Of course I meant “literally true,” BillyD, as in the amount of time, the order of creation, etc.–not “allegorically true,” as in providing us with a lesson regarding the world, man, his place in that world, and his relationship with his creator.

BillyD
Guest

“Of course I meant “literally true,”…”

And of course I was making a point that “literally true in all its details” and “true” are not nearly the same thing at all.

Father Ron Smith
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Father Ron Smith

“God loving us despite our sin is something firmly accepted by all Christians and something that fits very well into their overall scheme of thinking. As for the very different scenario of God loving us despite our determination to continue sinning…well, he loves us still but the relationship is broken, so much good may the love do us.” – Christopher Shell – This sounds a bit like the old chestnut that the sexual knowledge of Adam and Eve was what brought about the Fall, when we all (should) know that it was the decision to deliberately thwart God’s considered plan… Read more »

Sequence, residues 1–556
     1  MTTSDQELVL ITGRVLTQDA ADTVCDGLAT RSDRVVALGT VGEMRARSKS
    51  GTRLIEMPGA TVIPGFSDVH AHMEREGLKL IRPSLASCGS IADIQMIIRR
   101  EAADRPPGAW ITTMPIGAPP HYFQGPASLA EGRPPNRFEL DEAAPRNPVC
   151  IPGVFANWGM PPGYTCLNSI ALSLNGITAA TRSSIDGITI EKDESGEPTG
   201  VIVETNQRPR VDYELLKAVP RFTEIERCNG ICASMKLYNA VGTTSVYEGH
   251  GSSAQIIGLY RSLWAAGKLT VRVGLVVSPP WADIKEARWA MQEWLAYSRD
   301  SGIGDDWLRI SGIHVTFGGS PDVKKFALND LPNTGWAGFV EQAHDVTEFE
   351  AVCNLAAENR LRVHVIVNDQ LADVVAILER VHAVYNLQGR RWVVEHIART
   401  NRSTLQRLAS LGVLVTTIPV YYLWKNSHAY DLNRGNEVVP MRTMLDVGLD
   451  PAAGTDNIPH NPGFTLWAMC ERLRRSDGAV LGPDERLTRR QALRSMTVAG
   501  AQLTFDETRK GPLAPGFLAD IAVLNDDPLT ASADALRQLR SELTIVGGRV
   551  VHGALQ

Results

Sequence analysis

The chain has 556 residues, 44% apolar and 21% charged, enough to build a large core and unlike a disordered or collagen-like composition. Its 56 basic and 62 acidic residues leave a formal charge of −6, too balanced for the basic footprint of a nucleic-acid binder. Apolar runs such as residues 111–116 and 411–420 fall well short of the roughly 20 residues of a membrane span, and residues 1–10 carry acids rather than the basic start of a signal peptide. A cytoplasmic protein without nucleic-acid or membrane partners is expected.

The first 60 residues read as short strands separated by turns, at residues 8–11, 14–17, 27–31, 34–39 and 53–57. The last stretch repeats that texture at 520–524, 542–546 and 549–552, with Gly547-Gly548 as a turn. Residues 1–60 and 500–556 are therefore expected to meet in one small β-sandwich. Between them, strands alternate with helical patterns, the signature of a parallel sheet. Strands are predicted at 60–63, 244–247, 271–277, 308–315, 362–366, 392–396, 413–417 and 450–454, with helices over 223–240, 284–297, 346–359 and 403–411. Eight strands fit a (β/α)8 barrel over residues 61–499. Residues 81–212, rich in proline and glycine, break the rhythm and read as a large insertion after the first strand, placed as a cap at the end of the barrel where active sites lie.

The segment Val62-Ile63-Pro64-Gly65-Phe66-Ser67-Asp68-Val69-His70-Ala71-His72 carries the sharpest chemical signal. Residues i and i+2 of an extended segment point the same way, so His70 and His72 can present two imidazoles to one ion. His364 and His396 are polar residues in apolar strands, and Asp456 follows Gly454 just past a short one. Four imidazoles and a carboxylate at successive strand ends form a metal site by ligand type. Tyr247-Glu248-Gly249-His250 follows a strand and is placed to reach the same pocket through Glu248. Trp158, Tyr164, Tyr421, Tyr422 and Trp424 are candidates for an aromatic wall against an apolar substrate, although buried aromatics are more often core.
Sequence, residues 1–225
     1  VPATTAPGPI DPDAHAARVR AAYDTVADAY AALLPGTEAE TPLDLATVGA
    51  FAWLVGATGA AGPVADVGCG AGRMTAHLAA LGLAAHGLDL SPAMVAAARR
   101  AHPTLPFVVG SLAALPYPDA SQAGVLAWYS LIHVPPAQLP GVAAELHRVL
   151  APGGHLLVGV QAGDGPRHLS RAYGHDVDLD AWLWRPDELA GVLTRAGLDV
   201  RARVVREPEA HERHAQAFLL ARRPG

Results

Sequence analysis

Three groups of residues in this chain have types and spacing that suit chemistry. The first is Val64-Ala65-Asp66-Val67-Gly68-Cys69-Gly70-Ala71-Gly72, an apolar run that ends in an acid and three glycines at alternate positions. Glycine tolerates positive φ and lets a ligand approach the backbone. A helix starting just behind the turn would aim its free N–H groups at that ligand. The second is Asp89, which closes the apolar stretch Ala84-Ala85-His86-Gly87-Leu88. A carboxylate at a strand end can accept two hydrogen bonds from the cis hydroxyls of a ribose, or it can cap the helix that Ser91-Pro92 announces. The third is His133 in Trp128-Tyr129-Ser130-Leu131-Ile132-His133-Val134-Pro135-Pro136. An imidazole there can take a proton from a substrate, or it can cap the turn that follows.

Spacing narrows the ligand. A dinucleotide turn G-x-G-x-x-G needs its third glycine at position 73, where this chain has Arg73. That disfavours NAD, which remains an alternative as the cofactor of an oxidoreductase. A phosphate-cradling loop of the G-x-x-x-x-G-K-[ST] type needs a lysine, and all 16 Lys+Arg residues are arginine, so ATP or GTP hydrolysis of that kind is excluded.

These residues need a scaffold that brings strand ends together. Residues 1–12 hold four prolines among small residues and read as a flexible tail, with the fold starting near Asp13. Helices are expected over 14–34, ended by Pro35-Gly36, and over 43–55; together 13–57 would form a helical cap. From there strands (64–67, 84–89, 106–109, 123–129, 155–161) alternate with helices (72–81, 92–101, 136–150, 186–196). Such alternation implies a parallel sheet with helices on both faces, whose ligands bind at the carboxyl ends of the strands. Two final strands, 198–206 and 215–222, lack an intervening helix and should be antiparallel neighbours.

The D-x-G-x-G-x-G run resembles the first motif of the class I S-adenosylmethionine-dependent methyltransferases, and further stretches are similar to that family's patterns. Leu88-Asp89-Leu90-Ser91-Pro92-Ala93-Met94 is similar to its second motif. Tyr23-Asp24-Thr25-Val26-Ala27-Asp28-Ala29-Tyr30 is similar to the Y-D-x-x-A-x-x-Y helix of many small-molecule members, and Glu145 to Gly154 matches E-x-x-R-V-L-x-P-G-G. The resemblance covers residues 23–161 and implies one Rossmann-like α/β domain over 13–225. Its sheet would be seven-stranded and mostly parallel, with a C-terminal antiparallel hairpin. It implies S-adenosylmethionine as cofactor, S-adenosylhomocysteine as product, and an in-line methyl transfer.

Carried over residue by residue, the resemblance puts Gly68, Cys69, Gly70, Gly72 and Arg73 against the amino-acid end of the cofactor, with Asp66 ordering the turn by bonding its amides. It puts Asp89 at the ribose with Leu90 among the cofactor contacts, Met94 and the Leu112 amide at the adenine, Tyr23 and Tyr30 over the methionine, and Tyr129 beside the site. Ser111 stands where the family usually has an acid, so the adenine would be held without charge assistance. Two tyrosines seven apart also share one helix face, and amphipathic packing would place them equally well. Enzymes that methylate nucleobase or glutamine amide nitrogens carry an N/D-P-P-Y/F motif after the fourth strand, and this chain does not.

Dennis
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Dennis

no it is faith, reason and tradition, and from those three we read the scriptures. There is no uninterpreted thing called the scriptures – each and every one of us interpret and read through certain theoretical glasses. As Anglicans we read through faith, reason, and tradition, with each of the three of equal importance. That is why when we as Christians apply our reason to the scriptures we can see that God loves gays and lesbians and blesses their relationships and that blessing same sex unions is as holy and right as blessing opposite sex unions. And that God can… Read more »